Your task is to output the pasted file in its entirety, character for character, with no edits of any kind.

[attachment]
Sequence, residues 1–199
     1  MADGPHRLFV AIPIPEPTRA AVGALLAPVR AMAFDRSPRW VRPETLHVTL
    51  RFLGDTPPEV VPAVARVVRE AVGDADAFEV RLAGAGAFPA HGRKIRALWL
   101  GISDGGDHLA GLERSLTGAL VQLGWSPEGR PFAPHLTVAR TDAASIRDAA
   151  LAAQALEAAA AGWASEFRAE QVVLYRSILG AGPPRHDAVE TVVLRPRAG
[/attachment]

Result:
Sequence, residues 1–199
     1  MADGPHRLFV AIPIPEPTRA AVGALLAPVR AMAFDRSPRW VRPETLHVTL
    51  RFLGDTPPEV VPAVARVVRE AVGDADAFEV RLAGAGAFPA HGRKIRALWL
   101  GISDGGDHLA GLERSLTGAL VQLGWSPEGR PFAPHLTVAR TDAASIRDAA
   151  LAAQALEAAA AGWASEFRAE QVVLYRSILG AGPPRHDAVE TVVLRPRAG